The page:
daily californian logo

BERKELEY'S NEWS • FEBRUARY 02, 2023

Ring in the New Year with our 2023 New Year's Special Issue!

'Moving in the right direction': Alameda County expects looser restrictions

article image

FLORA HUYNH | STAFF

SUPPORT OUR NONPROFIT NEWSROOM

We're an independent student-run newspaper, and need your support to maintain our coverage.

MARCH 04, 2021

Alameda County is currently in California’s purple tier the state’s most restrictive tier — for COVID-19 spread, but if current trends continue, it is expected to enter the red tier early next week.

The purple tier indicates that COVID-19 is “widespread” in the county and many nonessential indoor businesses are closed, according to the state COVID-19 website. The red tier, which is a step lower than purple, indicates that COVID-19 is “substantial,” and with modifications, some nonessential indoor businesses may reopen.

According to Alameda County Public Health Department spokesperson Neetu Balram, Alameda County is “moving in the right direction.” When the county does transition into the red tier, Balram expects it to fall in line with California in terms of which activities are permitted or restricted.

Alameda County should be able to reopen indoor dining in restaurants at a maximum of 25% capacity, or 100 people, whichever is fewer, according to the California Department of Public Health. Higher education institutions can resume indoor lectures at less than or equal to 25% capacity, or 100 people, and schools can also fully reopen after 14 days in the red tier.

Balram noted that while small outdoor activities are safer, they still pose risks. Regardless, she urged Alameda County residents to get tested if they are exposed to someone who recently tested positive or is experiencing symptoms of COVID-19.

“The pandemic isn’t over and we need residents, workers and businesses to continue following COVID-19 safety measures we know work,” Balram said in an email. “Wear a mask, wash your hands, and keep at least six feet of distance from anyone you don’t live with.”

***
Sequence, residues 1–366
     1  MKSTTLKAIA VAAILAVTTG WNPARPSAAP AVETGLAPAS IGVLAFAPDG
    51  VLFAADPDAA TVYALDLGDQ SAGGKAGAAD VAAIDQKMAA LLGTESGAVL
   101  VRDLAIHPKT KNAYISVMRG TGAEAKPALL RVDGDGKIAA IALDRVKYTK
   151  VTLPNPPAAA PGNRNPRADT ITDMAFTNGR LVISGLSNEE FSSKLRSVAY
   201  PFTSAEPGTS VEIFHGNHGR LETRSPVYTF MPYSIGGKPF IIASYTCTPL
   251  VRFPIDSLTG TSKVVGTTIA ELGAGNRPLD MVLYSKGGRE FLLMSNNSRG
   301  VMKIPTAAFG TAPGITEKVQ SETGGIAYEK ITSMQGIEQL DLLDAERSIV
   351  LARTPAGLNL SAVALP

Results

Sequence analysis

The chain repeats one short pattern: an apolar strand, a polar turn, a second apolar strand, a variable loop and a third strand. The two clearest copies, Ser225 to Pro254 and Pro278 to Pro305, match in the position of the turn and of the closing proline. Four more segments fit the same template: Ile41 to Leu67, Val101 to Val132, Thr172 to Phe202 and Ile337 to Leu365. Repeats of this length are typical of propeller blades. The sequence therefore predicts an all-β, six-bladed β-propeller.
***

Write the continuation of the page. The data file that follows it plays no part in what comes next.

Lauren Good is a higher education reporter. Contact her at [email protected] and follow her on Twitter at @lgooddailycal.
LAST UPDATED

MARCH 04, 2021


Related Articles

featured article
Nearly one year into the COVID-19 pandemic in the United States, California Gov. Gavin Newsom's administration announced Thursday that California will lead vaccine equity and safety protocols in order to reopen the economy and end the pandemic.
Nearly one year into the COVID-19 pandemic in the United States, California Gov. Gavin Newsom's administration announced Thursday that California will lead vaccine equity and safety protocols in order to reopen the economy and end the pandemic.
featured article
featured article
A study from the UC's Giannini Foundation of Agricultural Economics predicted that the increased optimism about the arrival of the COVID-19 vaccine in the United States will lead to stricter levels of social distancing.
A study from the UC's Giannini Foundation of Agricultural Economics predicted that the increased optimism about the arrival of the COVID-19 vaccine in the United States will lead to stricter levels of social distancing.
featured article
featured article
With California bringing educators to the forefront of COVID-19 vaccination distribution, all UC employees are now eligible for the vaccination, including student employees and educators.
With California bringing educators to the forefront of COVID-19 vaccination distribution, all UC employees are now eligible for the vaccination, including student employees and educators.
featured article